Behavior-based safety has been practiced since the Ford Motor Company used it to increase seat belt usage in 1970s. Controversy has dogged it ever since, especially in the 1980s and 1990s when the BBS bandwagon attracted a small army of consultants.
Some of the sessions taking place this week have been dubbed “Super Sessions” due to their focus on key issues in the safety industry. One such Super Session Tuesday morning took place on the expo floor and spoke of the dangers of complacency.
A majority of America’s nurses admit they are stressed out, consuming too much junk food and getting too little sleep, says a Ball State University study.
The Impact of Perceived Stress and Coping Adequacy on the Health of Nurses: A Pilot Investigation, published in the online journal Nursing Research and Practice, found that nurses with high stress and poor coping had difficulty with patients, working in teams, communicating with co-workers and performing their jobs efficiently.
What are some common behaviors? How do we change those behaviors? What are some practical examples of behavior-based safety (BBS)? Those are the questions Sophia Sushailo of 3M talked about Tuesday morning at AIHce.
For a lot of people, the pursuit of a healthy work/life balance seems like an impossible goal.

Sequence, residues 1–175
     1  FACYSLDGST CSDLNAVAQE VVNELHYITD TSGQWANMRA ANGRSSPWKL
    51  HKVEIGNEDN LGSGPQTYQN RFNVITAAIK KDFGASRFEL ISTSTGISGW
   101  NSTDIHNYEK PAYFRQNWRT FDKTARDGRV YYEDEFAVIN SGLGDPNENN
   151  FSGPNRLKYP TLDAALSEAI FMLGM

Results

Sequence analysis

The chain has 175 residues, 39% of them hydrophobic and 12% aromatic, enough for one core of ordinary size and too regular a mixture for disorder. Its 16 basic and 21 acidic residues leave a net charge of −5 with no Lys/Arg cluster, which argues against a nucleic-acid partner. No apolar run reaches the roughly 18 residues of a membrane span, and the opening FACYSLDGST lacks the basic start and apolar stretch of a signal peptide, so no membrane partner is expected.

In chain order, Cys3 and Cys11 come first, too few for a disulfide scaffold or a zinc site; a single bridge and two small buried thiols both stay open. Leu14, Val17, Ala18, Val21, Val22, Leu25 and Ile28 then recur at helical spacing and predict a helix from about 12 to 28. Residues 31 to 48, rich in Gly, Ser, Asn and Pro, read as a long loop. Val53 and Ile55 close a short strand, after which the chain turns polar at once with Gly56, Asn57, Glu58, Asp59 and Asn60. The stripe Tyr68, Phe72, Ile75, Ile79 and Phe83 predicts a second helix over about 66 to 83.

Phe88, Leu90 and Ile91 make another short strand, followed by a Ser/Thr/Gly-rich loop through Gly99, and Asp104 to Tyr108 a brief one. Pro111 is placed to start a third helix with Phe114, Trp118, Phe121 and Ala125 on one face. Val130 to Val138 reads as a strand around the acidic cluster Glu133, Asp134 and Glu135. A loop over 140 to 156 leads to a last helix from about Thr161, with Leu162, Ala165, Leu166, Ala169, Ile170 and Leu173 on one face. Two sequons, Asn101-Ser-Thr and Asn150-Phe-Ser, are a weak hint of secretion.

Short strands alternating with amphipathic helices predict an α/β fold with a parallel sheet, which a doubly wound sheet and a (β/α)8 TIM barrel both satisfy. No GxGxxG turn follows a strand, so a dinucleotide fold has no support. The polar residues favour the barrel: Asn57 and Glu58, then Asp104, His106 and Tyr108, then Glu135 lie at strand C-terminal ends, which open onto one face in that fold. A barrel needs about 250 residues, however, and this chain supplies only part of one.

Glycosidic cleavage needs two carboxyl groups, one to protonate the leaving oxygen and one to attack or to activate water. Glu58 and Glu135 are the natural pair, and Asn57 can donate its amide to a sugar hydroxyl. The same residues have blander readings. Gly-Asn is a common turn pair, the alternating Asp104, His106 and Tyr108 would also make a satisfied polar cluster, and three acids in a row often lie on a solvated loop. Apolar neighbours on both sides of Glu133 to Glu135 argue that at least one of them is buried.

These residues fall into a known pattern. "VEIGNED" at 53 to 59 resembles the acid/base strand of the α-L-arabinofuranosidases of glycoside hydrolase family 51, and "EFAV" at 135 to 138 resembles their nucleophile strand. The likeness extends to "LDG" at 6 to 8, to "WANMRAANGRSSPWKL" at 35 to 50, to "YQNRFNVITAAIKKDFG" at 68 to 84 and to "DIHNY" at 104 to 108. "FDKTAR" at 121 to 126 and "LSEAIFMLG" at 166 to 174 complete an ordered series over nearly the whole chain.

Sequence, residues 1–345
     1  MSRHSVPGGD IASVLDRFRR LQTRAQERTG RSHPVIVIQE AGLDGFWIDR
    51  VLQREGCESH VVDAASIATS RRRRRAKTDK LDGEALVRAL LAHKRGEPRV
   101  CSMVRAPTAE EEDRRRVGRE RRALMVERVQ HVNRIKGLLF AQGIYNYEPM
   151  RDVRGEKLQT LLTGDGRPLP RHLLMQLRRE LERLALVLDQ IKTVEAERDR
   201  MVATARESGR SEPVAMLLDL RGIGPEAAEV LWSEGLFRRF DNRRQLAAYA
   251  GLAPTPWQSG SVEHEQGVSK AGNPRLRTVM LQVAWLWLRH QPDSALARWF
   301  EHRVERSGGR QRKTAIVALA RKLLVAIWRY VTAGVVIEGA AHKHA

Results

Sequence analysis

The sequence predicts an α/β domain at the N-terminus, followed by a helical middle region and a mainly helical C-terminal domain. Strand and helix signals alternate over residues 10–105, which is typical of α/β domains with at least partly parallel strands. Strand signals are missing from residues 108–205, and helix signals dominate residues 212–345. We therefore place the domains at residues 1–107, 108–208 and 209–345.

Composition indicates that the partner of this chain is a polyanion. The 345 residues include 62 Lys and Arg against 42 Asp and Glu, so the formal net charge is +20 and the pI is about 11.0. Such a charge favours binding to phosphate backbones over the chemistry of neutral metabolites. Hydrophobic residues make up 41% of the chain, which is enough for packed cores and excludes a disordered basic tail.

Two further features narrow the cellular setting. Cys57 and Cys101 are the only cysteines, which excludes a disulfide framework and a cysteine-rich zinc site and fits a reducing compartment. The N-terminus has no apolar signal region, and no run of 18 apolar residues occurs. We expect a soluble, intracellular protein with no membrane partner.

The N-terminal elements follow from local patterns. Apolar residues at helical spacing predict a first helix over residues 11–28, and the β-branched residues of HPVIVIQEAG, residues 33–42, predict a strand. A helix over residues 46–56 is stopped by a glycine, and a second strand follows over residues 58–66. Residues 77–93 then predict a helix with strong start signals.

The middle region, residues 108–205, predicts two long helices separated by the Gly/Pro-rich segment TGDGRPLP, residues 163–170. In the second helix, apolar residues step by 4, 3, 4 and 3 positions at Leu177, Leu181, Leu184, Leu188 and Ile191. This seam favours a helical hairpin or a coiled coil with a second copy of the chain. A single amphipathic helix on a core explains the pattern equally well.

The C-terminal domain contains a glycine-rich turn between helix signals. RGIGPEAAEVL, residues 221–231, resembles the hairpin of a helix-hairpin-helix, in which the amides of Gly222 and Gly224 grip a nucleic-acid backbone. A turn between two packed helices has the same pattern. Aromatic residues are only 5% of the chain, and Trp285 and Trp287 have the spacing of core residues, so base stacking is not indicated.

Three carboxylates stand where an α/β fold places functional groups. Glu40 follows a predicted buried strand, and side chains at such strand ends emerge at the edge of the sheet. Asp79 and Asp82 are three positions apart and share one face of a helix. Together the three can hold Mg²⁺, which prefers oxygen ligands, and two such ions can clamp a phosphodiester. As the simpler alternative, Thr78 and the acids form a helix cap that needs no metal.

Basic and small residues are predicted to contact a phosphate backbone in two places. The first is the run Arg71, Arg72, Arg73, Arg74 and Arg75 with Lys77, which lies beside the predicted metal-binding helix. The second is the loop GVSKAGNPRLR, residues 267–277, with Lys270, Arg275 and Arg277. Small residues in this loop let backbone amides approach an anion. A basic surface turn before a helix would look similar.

With so many of us torn between juggling heavy workloads, managing relationships and family responsibilities, and squeezing in outside interests, it's no surprise that more than one in four Americans describe themselves as “super stressed.”
Change at work bring on employee stress, intent to quit
May 24, 2017
At a time of change and uncertainty across the country, American adults who have been affected by change at work are more likely to report chronic work stress, less likely to trust their employer and more likely to say they plan to leave the organization within the next year compared with those who haven't been affected by organizational change, according to a survey released by the American Psychological Association (APA).
As a person with bipolar disorder, mental illness feels like a balancing act. In order to stay healthy, I have to be sure to take my meds, get enough sleep, and stay attuned to my mood. I am always aware of the potential for the symptoms of mania and depression to recur, and must be prepared to manage them.
People who struggle to cope with uncertainty or the ambiguity of potential future threats may have an unusually large striatum, an area of the brain already associated with general anxiety disorder, according to research published by the American Psychological Association (APA).
A new behavior-based safety guidebook published by the American Society of Safety Engineers (ASSE) is now available on the Society’s website. Actively Caring for People's Safety: How to Cultivate a Brother's/Sister's Keeper Work Culture features lessons on the fundamental principles for cultivating an actively caring culture in any organization.